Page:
Weill Cornell Medical College, Cornell University's medical school located in New York City, is committed to excellence in research, teaching, patient care and the advancement of the art and science of medicine, locally, nationally and globally. Physicians and scientists of Weill Cornell Medical College are engaged in cutting-edge research from bench to bedside, aimed at unlocking mysteries of the human body in health and sickness and toward developing new treatments and prevention strategies. In its commitment to global health and education, Weill Cornell has a strong presence in places such as Qatar, Tanzania, Haiti, Brazil, Austria and Turkey. Through the historic Weill Cornell Medical College in Qatar, the Medical College is the first in the U.S. to offer its M.D. degree overseas. Weill Cornell is the birthplace of many medical advances -- including the development of the Pap test for cervical cancer, the synthesis of penicillin, the first successful embryo-biopsy pregnancy and birth in the U.S., the first clinical trial of gene therapy for Parkinson's disease, and most recently, the world's first successful use of deep brain stimulation to treat a minimally conscious brain-injured patient. Weill Cornell Medical College is affiliated with NewYork-Presbyterian Hospital, where its faculty provides comprehensive patient care at NewYork-Presbyterian Hospital/Weill Cornell Medical Center. The Medical College is also affiliated with the Methodist Hospital in Houston. For more information, visit weill.cornell.edu.
Office of External Affairs
Weill Cornell Medical College
tel: 646.317.7401
email: pr@med.cornell.edu

Gerard Farrell | EurekAlert!
Further information:
http://weill.cornell.edu

More articles from Health and Medicine:

nachricht New High-Performance Center Translational Medical Engineering
26.04.2017 | Fraunhofer ITEM

nachricht A promising target for kidney fibrosis
21.04.2017 | Brigham and Women's Hospital

All articles from Health and Medicine >>>

The most recent press releases about innovation >>>

Die letzten 5 Focus-News des innovations-reports im Überblick:

Im Focus: Making lightweight construction suitable for series production

More and more automobile companies are focusing on body parts made of carbon fiber reinforced plastics (CFRP). However, manufacturing and repair costs must be further reduced in order to make CFRP more economical in use. Together with the Volkswagen AG and five other partners in the project HolQueSt 3D, the Laser Zentrum Hannover e.V. (LZH) has developed laser processes for the automatic trimming, drilling and repair of three-dimensional components.

Automated manufacturing processes are the basis for ultimately establishing the series production of CFRP components. In the project HolQueSt 3D, the LZH has...

Im Focus: Wonder material? Novel nanotube structure strengthens thin films for flexible electronics

Reflecting the structure of composites found in nature and the ancient world, researchers at the University of Illinois at Urbana-Champaign have synthesized thin carbon nanotube (CNT) textiles that exhibit both high electrical conductivity and a level of toughness that is about fifty times higher than copper films, currently used in electronics.

"The structural robustness of thin metal films has significant importance for the reliable operation of smart skin and flexible electronics including...

Im Focus: Deep inside Galaxy M87

The nearby, giant radio galaxy M87 hosts a supermassive black hole (BH) and is well-known for its bright jet dominating the spectrum over ten orders of magnitude in frequency. Due to its proximity, jet prominence, and the large black hole mass, M87 is the best laboratory for investigating the formation, acceleration, and collimation of relativistic jets. A research team led by Silke Britzen from the Max Planck Institute for Radio Astronomy in Bonn, Germany, has found strong indication for turbulent processes connecting the accretion disk and the jet of that galaxy providing insights into the longstanding problem of the origin of astrophysical jets.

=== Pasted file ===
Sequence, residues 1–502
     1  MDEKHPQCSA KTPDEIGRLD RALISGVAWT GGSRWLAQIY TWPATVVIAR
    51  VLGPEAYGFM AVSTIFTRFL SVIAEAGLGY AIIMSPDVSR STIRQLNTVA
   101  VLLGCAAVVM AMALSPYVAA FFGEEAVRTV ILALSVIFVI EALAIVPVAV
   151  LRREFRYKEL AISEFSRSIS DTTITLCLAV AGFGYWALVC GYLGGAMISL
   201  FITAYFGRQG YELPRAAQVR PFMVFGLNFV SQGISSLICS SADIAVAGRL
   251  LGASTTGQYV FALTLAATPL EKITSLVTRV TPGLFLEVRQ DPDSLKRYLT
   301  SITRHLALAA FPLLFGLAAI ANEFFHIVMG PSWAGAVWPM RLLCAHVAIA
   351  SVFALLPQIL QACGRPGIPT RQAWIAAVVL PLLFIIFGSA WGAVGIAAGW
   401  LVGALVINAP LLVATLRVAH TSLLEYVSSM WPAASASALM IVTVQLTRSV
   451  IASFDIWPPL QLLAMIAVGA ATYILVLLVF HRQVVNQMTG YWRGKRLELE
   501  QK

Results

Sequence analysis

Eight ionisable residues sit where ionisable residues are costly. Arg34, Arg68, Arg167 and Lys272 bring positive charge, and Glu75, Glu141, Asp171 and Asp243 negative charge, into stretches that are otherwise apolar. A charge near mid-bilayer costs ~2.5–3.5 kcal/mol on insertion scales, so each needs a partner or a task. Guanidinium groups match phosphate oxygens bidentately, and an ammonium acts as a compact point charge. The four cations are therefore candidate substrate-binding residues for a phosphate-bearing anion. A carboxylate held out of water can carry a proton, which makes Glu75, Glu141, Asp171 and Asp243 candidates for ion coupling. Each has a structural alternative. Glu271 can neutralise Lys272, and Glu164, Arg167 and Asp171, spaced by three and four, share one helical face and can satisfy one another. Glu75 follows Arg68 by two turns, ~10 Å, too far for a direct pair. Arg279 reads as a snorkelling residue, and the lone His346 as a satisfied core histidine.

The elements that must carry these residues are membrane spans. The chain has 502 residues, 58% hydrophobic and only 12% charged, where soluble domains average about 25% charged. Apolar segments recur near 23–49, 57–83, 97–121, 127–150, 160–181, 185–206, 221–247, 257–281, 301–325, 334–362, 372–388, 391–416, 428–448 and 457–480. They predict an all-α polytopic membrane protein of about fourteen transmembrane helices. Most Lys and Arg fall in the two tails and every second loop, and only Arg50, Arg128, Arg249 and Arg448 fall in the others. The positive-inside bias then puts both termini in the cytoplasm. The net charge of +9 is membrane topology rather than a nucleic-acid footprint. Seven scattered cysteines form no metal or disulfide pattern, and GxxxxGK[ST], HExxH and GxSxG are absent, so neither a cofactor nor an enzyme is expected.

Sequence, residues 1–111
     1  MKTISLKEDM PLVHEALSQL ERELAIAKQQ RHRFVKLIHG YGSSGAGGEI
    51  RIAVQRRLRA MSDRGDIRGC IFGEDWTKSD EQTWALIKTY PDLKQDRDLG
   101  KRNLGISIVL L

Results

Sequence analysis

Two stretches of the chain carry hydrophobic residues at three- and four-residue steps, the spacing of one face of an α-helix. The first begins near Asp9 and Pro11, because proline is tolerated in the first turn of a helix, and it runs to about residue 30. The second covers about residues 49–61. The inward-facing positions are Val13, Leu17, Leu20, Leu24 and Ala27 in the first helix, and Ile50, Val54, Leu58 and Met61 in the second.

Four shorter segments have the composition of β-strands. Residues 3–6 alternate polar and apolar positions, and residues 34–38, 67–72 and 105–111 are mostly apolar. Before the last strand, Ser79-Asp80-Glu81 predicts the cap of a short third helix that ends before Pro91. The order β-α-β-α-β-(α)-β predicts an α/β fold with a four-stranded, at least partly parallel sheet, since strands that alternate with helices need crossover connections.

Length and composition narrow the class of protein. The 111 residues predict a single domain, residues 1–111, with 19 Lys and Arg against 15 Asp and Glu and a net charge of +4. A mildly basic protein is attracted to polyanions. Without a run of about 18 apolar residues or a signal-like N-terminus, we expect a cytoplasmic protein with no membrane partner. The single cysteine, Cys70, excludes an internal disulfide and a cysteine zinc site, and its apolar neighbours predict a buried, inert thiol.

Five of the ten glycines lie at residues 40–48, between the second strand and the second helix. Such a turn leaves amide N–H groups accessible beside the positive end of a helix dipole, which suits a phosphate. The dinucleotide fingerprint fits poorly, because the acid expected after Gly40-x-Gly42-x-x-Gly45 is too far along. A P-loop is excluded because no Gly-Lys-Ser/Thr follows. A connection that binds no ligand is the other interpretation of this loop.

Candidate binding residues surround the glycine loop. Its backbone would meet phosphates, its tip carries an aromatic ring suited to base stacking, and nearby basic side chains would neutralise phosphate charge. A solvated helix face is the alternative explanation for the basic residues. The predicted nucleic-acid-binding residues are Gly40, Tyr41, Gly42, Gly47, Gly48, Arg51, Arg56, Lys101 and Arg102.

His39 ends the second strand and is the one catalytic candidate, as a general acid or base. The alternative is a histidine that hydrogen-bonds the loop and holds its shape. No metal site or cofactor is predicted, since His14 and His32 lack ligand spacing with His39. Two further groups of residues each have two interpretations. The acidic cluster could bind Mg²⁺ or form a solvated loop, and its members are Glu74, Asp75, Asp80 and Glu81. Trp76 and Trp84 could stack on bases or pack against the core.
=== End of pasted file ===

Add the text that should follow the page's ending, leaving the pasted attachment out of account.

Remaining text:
Supermassive black holes form some of the most enigmatic phenomena in astrophysics. Their enormous energy output is supposed to be generated by the...

Im Focus: A Quantum Low Pass for Photons

Physicists in Garching observe novel quantum effect that limits the number of emitted photons.

The probability to find a certain number of photons inside a laser pulse usually corresponds to a classical distribution of independent events, the so-called...

Im Focus: Microprocessors based on a layer of just three atoms

Microprocessors based on atomically thin materials hold the promise of the evolution of traditional processors as well as new applications in the field of flexible electronics. Now, a TU Wien research team led by Thomas Müller has made a breakthrough in this field as part of an ongoing research project.

Two-dimensional materials, or 2D materials for short, are extremely versatile, although – or often more precisely because – they are made up of just one or a...

All Focus news of the innovation-report >>>

Anzeige

Anzeige

Event News

Expert meeting “Health Business Connect” will connect international medical technology companies

20.04.2017 | Event News

Wenn der Computer das Gehirn austrickst

18.04.2017 | Event News

7th International Conference on Crystalline Silicon Photovoltaics in Freiburg on April 3-5, 2017

03.04.2017 | Event News

 
Latest News

Scientist invents way to trigger artificial photosynthesis to clean air

26.04.2017 | Materials Sciences

Ammonium nitrogen input increases the synthesis of anticarcinogenic compounds in broccoli

26.04.2017 | Agricultural and Forestry Science

SwRI-led team discovers lull in Mars' giant impact history

26.04.2017 | Physics and Astronomy

VideoLinks
B2B-VideoLinks
More VideoLinks >>>